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Old August 29th, 2009, 05:51 PM   #998
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Masterpiece flats on the market this week
Developers of 67-storey luxury project in TST hope to ride wave of buying sentiment

26 August 2009
South China Morning Post

Riding a wave of improved buying sentiment, especially in the luxury residential property market, New World Development and the Urban Renewal Authority are expected to start sales of the Masterpiece this week.

Above the K11 retail complex, the 261-metre building dominates the skyline in Tsim Sha Tsui and is the city's second-tallest residential block after the Cullinan above the Kowloon Station.

The 67-storey project offers 345 units, including 307 standard flats sized between 816 square feet and 1,500 sq ft, and the 38 duplexes or adjoining units with sizes ranging from 2,700 sq ft to 5,620 sq ft.

However, the flats are only from the 27th to the 67th floor as the lower floor zone hosts a clubhouse and the Hyatt Hotel, which has moved from Nathan Road.

New World Development said selling prices for standard units start from a minimum HK$14,000 per square foot, while flats with sea view will fetch a higher price of HK$20,000 per square foot.

This means that the cheapest flat in the project will cost more than HK$10 million.

A fully furnished 4,088 sq ft unit on the 59th floor is also on sale at HK$35,000 per square foot, or a lump sum of HK$143.08 million. The 5,620 sq ft duplexes on the top floors would fetch even higher prices, the developers said, adding that average selling price would be about HK$18,000 and HK$19,000 per square foot.

This compares to HK$15,000 per square foot achieved by Hang Lung Properties' Harbourside and HK$18,000 and HK$20,000 per square foot at the Cullinan developed by Sun Hung Kai Properties.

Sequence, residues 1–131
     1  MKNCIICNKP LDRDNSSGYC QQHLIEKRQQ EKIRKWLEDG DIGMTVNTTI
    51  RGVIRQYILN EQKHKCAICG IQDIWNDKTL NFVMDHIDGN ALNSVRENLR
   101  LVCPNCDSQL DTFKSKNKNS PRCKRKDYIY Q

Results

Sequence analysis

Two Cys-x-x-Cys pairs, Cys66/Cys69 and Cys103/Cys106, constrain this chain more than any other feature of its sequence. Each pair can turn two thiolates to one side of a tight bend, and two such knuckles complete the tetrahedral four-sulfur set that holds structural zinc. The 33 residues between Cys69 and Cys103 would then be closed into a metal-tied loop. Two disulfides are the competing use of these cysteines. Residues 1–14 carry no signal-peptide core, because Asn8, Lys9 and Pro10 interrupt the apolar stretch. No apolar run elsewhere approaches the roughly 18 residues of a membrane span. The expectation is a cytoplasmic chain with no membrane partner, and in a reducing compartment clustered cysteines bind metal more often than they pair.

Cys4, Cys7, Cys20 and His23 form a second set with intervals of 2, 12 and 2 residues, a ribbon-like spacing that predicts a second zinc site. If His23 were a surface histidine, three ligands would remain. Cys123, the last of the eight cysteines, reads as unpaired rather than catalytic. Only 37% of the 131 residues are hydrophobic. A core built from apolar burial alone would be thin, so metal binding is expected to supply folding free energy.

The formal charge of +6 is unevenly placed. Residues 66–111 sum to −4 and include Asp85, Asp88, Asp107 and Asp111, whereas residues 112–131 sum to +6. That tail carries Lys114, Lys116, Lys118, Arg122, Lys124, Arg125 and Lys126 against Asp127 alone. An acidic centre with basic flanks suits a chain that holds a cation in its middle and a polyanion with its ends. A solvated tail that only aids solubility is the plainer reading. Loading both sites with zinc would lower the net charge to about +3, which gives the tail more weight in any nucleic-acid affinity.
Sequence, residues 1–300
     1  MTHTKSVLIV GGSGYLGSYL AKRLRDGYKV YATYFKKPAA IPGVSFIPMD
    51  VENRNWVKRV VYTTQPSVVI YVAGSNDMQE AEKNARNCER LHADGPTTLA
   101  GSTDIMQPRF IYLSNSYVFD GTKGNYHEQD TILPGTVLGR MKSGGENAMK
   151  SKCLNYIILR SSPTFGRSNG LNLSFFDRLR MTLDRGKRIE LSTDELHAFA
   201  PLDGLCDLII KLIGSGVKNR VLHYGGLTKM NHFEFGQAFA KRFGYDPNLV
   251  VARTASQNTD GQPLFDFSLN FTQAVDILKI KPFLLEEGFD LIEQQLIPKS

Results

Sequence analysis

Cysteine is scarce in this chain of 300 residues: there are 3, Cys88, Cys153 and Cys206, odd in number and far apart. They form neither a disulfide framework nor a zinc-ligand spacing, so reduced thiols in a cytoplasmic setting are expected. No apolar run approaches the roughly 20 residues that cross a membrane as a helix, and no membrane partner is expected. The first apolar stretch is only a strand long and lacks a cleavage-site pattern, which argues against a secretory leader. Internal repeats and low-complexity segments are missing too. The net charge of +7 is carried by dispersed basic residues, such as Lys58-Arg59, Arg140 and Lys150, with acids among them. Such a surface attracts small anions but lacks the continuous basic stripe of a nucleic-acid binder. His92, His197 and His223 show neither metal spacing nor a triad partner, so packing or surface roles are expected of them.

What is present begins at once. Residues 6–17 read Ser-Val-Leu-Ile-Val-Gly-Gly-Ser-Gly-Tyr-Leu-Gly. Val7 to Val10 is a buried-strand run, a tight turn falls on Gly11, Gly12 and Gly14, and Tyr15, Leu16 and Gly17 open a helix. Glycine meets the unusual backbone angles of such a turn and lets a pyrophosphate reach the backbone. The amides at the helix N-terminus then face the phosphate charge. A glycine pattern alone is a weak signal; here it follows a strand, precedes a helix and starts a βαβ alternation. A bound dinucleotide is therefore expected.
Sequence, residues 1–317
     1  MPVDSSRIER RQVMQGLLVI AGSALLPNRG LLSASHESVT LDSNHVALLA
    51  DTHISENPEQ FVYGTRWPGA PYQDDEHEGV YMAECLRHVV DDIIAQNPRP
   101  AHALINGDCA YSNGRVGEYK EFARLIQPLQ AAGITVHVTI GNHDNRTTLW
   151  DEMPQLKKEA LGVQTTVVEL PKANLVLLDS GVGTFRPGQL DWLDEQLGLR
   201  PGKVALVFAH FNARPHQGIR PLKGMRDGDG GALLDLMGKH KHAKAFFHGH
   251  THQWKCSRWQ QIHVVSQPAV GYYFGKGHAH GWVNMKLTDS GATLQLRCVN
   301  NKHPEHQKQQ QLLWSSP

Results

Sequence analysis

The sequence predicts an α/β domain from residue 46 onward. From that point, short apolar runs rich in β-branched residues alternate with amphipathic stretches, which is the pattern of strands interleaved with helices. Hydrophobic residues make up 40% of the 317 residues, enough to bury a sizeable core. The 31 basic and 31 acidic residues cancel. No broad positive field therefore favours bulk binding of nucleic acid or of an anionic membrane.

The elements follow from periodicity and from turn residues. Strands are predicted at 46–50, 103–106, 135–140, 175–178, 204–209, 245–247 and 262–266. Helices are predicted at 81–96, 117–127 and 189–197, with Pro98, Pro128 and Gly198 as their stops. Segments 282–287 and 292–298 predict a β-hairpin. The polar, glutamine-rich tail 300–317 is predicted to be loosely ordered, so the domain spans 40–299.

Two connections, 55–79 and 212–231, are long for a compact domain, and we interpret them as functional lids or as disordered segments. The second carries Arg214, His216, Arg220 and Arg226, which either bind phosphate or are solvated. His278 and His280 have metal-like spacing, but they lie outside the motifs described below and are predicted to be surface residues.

The two projects, above Kowloon Station which is on the western side of Tsim Sha Tsui, are already seven years old and ready for occupancy next year. The Masterpiece is scheduled for occupancy in the fourth quarter this year.

Compared to the five projects above Kowloon Station, which are in a rather isolated reclaimed new area, the Masterpiece is centrally located - about three minutes' walk to Nathan Road and Chatham Road South - and is connected to Tsim Sha Tsui MTR station.

Entertainment, shopping and everyday living facilities can be found just around the corner.

Because of its height, the tower commands 360-degree views over Kowloon peninsula and Victoria Harbour which can only be found in projects above Kowloon Station in the same district.

The sale was previously scheduled for the fourth quarter of last year, but was postponed because of the outbreak of the global financial crisis in September.

The encouraging sales of the Cullinan and the Harbourside over the past few weeks prompted the developer to start sales at aggressive prices.

About 400 flats at the Harbourside were sold over the last two weeks, allowing the developer to reap HK$7 billion in sales.
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Old August 30th, 2009, 06:29 AM   #999
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Fuaa!!... este ta muy weno... mas en Hong Kong, que ciudad grosa x Dios!!
Las de Estados Unidos ya fueron... se quedaron en el tiempo >=P ...
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Old September 1st, 2009, 05:41 PM   #1000
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Who benefits most?
The Standard
Tuesday, September 01, 2009

Heartiest congratulations to the Urban Renewal Authority and its partner developer on completion of its long- awaited project on Mody/Hanoi roads in Tsim Sha Tsui.

This Masterpiece edifice was built on land reclaimed by the authority with the excuse of improving the lifestyle and livelihood of the people living there.

They were given a few thousand dollars per square foot and forced to vacate their homes for this project.

The developer converted the plans and increased the usable area by increasing the height of the building.

They are able to fetch nearly HK$35,000 per square foot for The Masterpiece ("New World reaps $3.8b from sale of luxury flats," The Standard, August 31).

Whose lives have been changed? The livelihoods of the people or the developers' bank balances? I wonder if the Office of the Ombudsman could shed some light on this matter.

D Kamlesh